A. Trust others. You are never the smartest person in the room.

Q. The Spotter Up motto is, “Find a way or make one.” Give an example of when you have applied this concept in your career, or in your day to day life.

A. Been told many times something is impossible. That is all I need to hear. Give me a minute and let me show you.

Q. If you could give one piece of advice to the future leaders in the military, what would that be and why?

A. Others before self.

Q. Describe a time that you witnessed what you believe to be a failure in leadership, or felt as though you had failed as a leader. What would you change about how the situation was handled for a better outcome?

A. Seeing people ignore the wrong for self-preservation or comfort. The right thing to do is always the right thing, even if no one else is doing it.

Q. Describe a situation in which you learned something about being a leader that affected how you now fulfill your role.

A. Don’t ask someone else to do something that you wouldn’t be willing to do yourself.

Q. What do you consider to be your greatest strength as a leader?

A.Respect and admiration for great effort.

Q. What area do you feel you need to improve upon the most as a leader?

A. Delegation. I tend to try and do too much myself to make sure it is done the way I want. Trust others.

Q. Please describe a situation in which you disagreed with a decision of a fellow leader, and how you handled the situation.

A. I spoke up. Cowards keep their mouths closed when they are afraid to say they believe something is wrong.

Q. What techniques would you use to bring about comradery and cohesion in a group that lacked these things?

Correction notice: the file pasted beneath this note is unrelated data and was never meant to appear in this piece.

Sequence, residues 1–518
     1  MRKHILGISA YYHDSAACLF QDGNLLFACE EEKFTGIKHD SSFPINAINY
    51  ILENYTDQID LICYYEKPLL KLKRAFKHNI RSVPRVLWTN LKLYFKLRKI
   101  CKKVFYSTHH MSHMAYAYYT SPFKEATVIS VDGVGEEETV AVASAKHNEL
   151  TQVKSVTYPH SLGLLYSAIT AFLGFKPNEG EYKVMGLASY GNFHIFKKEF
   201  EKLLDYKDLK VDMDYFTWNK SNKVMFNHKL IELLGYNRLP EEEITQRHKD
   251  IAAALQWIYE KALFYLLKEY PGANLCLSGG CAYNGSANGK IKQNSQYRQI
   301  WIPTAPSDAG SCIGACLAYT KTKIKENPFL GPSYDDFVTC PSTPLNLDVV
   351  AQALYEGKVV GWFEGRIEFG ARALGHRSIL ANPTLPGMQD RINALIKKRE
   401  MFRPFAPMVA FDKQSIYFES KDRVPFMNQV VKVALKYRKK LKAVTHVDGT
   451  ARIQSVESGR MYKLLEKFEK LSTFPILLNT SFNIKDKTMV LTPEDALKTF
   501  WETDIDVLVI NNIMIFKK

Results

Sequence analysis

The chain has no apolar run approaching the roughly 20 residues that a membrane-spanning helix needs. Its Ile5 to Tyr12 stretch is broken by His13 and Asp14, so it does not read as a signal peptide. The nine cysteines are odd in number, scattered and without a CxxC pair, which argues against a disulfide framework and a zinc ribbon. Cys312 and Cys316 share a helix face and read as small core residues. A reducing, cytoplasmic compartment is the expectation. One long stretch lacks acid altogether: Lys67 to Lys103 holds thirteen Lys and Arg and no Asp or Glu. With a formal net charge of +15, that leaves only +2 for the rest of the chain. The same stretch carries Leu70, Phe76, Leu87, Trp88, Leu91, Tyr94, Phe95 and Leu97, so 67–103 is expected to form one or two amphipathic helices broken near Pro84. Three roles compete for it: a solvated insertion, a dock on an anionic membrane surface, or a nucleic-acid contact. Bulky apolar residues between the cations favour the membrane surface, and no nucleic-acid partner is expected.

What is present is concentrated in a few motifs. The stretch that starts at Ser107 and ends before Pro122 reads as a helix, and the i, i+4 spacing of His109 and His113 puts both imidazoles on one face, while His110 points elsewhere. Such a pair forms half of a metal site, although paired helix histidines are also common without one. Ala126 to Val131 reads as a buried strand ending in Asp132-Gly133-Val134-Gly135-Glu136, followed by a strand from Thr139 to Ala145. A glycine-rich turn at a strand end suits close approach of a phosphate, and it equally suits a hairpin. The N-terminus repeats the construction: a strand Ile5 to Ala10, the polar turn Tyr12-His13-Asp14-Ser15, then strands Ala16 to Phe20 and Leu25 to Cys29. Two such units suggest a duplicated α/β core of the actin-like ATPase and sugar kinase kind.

A. Get to know people beyond the surface. Their families, hobbies, passions, goals, objectives.

Q. How would you motivate a team to accomplish a task that they view as undesirable?

A. Show them the end game. If something is easy, then everyone would be doing it.

Q. What are some techniques you have used to gain the trust and support of your team?

A. Let them see that you are vulnerable. It makes you real.

Q. Please provide an example how you have handled conflict between team members effectively.

A. No one accomplishes anything on their own. Show them how they contribute individually to a greater good.

Q. Describe a time where you felt you went above and beyond your job description to fulfill your moral obligations as a leader.

A. When I stood up to the government for their abuse of undercover agents.

Q. What motivates you to be a good leader?

A. Trust from others.

Q. Who is someone that you look to as a leadership role model, and why?

A. Pat Tilman. Selfless sacrifice for something larger than himself.

Q. Describe a situation in which you were inspired by another leader to be a good role model.

A. Kindness and encouragement to someone struggling or less fortunate.

Q. In your line of work, you are often asked to make intelligent decisions that affect your life and the life of those around you in dangerous situations. What advice would you offer to those new to this field who struggle with keeping a level head in the line of duty?

A. Everyone comes home at night.

Q. Any last lesson for our readers?

A. The Golden Rule.

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For more information on Jay or to schedule one of his trainings click here

*The views and opinions expressed on this website are solely those of the original authors and contributors. These views and opinions do not necessarily represent those of Spotter Up Magazine, the administrative staff, and/or any/all contributors to this site.

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By Bill Farmer

Bill Farmer is a 12 year law enforcement veteran He is a defensive tactics, tactical driving and active shooter instructor. Bill has worked in school resource, violent crimes, plain clothes and patrol assignments. Bill is an avid outdoorsman, backpacker, hunter and shooter.

One thought on “Spotter Up Interview: Jay Dobyns, Author and Retired Federal Agent”
  1. I attended a debrief with this dude as part of an investigative course we did for my former agency. That guy is off the hook, huge brass balls. The Red and White still deny he infiltrated. Amazing what he did and the way he got treated after.